On Thu, Apr 4, 2013 at 11:50 PM, meekerdb <meeke...@verizon.net> wrote:
> On 4/4/2013 3:35 PM, Telmo Menezes wrote:
>>
>> On Wed, Apr 3, 2013 at 11:44 PM, meekerdb <meeke...@verizon.net> wrote:
>>>
>>> On 4/3/2013 2:44 PM, Jason Resch wrote:
>>>>
>>>> You're making the same mistake as John Clark, confusing the physical
>>>> computer with the algorithm. Powerful computers don't help us if we
>>>> don't
>>>> have the right algorithm. The central mystery of AI, in my opinion, is
>>>> why
>>>> on earth haven't we found a general learning algorithm yet. Either it's
>>>> too
>>>> complex for our monkey brains, or you're right that computation is not
>>>> the
>>>> whole story. I believe in the former, but not I'm not sure, of course.
>>>> Notice that I'm talking about generic intelligence, not consciousness,
>>>> which
>>>> I strongly believe to be two distinct phenomena.
>>>
>>>
>>> Then do you think there could be philosophical zombies?
>>
>> Yes.
>
>
> Could it be that some humans are zombies, or do you assume that to be a
> zombie would mean being physically different from a human being?

I don't know.

>>> How would you
>>> operationally test a robot to see whether it was (a) intelligent
>>
>> I don't see intelligence as a binary property, but relative to goals.
>> The classical answer for human-like intelligence is something like the
>> Turing test, but I don't like it. I don't think that a generic AI
>> should be measured by it's ability to fool us into making us think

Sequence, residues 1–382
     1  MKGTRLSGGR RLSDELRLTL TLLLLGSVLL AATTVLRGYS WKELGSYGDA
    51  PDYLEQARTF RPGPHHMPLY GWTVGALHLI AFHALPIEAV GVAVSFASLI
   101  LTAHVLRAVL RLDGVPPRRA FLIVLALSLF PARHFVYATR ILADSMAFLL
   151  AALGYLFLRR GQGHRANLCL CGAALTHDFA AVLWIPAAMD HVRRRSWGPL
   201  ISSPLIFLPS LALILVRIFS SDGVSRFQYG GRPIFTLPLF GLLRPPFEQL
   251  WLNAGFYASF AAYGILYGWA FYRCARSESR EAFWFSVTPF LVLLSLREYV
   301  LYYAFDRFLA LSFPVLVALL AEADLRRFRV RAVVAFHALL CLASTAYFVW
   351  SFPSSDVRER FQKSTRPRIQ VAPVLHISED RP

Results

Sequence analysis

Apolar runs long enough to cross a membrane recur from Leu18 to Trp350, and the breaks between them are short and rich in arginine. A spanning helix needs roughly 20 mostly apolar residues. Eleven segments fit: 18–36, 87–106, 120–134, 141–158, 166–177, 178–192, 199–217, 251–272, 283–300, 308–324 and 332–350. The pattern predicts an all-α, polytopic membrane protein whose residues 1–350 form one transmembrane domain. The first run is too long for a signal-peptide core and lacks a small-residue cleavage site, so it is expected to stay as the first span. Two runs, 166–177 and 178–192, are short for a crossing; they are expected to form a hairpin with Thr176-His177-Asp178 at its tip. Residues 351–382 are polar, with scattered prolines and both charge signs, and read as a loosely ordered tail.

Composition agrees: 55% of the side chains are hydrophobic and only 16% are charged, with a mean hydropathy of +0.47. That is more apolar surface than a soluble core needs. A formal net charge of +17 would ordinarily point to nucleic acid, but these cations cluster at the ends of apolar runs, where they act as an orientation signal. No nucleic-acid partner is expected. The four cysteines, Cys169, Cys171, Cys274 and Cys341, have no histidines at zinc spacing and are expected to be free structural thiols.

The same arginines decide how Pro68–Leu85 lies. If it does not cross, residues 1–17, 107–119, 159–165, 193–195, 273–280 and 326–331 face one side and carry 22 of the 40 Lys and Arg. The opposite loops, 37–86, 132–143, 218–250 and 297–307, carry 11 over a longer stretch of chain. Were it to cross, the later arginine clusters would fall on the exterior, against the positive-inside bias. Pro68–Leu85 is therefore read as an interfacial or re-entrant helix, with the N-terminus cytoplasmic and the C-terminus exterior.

>> it's human. Instead I'd have to ask you first what do you want the
>> robot for? Personally I would want robots to free Humanity from
>> unwanted labor. This is a high-level goal that requires what I
>> consider to be generic AI. Can it learn all sorts of tasks like
>> driving a car, working in a factory, following fuzzy requirements, etc
>
>
> Yes, I agree with that.  I'd say intelligence is being able to learn to be
> competent at many tasks, but there is no completely general intelligence.

Agreed.

> I think for social beings it includes being able to explain, to give reasons,
> which implies some empathy.

No doubt. But could the ability to model other beings be sufficient
for empathy? A sort of dispassionate empathy? I think so.

>
>> etc?
>>
>>> (b)
>>> conscious?
>>
>> I don't believe that such a test can exist. I don't even think we can
>> know if a glass of water is conscious.
>
>
> Have you ever been unconscious?

I don't know. All I know is that there are periods of my timeline that
I cannot remember. During college, there where a couple of "incidents"
that I cannot remember but my friends would tell you I was conscious.

Telmo.

>
> Brent
>
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